Event Marketing: Hamilton Spectator Indoor Games 1994

Michael Lang is president of Lang & Associates, a Toronto-based international event marketing agency with offices in Vancouver, Montreal and Atlanta.Jennifer Scace is an associate with Lang & Associates, and co-ordinator for the Event Marketing column. Contributions, ideas, media releases and...

Michael Lang is president of Lang & Associates, a Toronto-based international event marketing agency with offices in Vancouver, Montreal and Atlanta.

Jennifer Scace is an associate with Lang & Associates, and co-ordinator for the Event Marketing column. Contributions, ideas, media releases and feedback should be directed to Jennifer at (416) 229-0060 or fax (416) 229-1210.

Soccer

Soccer has long been considered one of the great mysteries of North America.

Although considered to be the most popular sport in the world, soccer does not have a significant following in Canada or the u.s.

We are in the midst of soccer’s quadrennial celebration of the 1994 World Cup hosted by the u.s.

Marketing analysts are busy making predictions regarding its overall success or failure, which will ultimately have an effect on soccer in North America.

Some marketing analysts have gone as far as to predict that the failure of the 1994 World Cup will sound the death knell of soccer as a sport and also as a marketing vehicle in North America.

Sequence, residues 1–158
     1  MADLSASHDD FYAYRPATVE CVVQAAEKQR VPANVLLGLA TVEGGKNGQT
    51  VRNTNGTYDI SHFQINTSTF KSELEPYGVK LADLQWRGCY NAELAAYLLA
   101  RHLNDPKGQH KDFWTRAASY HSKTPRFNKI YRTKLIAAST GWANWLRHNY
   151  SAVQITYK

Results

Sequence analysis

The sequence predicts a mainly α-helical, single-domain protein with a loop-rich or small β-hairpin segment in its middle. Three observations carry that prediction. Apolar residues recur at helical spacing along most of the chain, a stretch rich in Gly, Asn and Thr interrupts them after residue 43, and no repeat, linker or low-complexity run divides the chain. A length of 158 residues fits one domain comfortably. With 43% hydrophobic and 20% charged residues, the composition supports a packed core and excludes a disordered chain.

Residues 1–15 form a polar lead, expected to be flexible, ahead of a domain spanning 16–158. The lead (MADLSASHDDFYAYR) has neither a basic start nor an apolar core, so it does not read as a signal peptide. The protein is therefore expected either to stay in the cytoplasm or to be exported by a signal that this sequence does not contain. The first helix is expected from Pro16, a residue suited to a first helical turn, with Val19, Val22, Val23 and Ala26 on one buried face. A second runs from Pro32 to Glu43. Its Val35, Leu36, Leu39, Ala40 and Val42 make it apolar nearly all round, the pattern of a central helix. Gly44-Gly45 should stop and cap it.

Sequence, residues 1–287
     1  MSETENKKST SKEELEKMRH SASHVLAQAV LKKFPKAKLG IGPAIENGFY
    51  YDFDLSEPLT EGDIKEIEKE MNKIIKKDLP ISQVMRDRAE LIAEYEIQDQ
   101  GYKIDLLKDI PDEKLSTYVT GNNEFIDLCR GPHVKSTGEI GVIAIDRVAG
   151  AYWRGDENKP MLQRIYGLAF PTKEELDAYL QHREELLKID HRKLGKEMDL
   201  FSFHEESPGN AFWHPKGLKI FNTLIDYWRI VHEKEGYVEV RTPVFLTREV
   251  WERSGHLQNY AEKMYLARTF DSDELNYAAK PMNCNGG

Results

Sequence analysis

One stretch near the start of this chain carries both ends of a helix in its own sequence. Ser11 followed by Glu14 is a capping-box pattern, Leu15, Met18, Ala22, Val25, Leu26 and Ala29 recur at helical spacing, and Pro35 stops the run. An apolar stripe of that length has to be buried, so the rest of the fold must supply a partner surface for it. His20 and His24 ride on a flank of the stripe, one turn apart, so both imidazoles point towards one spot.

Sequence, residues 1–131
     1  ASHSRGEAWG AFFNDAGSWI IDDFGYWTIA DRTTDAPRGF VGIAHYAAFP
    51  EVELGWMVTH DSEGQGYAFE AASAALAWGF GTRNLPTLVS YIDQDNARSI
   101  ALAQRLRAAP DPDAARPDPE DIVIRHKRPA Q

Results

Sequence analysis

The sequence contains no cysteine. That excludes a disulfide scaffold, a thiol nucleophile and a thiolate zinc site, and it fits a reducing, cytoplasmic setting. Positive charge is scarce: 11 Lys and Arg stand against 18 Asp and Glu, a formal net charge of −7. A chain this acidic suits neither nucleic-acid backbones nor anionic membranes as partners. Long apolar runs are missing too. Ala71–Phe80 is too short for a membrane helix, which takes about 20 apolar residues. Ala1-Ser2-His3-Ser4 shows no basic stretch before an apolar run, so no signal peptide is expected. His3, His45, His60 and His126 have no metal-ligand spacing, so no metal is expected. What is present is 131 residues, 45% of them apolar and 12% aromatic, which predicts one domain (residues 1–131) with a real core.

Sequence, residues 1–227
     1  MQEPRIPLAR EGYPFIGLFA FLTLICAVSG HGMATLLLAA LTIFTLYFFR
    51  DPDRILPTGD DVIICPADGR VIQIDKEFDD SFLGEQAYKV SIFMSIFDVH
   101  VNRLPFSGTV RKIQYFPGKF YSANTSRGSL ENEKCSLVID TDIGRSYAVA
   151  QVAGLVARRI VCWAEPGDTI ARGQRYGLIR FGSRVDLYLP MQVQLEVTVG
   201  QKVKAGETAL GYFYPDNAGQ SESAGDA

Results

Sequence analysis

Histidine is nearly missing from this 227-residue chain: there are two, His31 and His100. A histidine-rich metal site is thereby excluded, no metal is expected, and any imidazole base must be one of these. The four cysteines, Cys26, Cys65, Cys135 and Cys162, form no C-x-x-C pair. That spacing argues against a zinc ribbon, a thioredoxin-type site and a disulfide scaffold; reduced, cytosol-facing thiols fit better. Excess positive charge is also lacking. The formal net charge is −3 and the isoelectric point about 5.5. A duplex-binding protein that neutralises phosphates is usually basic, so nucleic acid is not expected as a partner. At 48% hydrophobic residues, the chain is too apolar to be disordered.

Although a successful World Cup would do wonders for soccer in Canada and the u.s., grassroots soccer has, in the midst of this uncertainty, managed to flourish in the absence of an elite league.

Usually, the popularity of the elite/professional level of a sport is reflected at the grassroots level.

The Toronto Blue Jays baseball team is a perfect example of what the effect of a popular professional team can have on the sport’s grassroots participation.

However, quietly, soccer has become one of the most popular grassroots sports in Canada and the u.s., with a favorable set of demographics.

Grassroots soccer in North America provides access to corporations interested in reaching families with higher than average incomes, in suburban areas, and includes a large percentage of women and ethnics.

Although it may take a little more effort to implement grassroots programs, corporations are able to benefit by touching the lives of their consumers in a relevant manner.

As for cost, the absence of an elite/professional level of the sport and the high sponsorship fees associated with that level allows corporations to apply more ‘working’ dollars to their programs.

Grassroots soccer programs, therefore, become an effective and efficient use of corporate marketing dollars.

So, the next time you are looking to spend your marketing dollar in the sports arena, don’t get mesmerized by the stars of professional sport. Look to soccer as an effective and efficient alternative.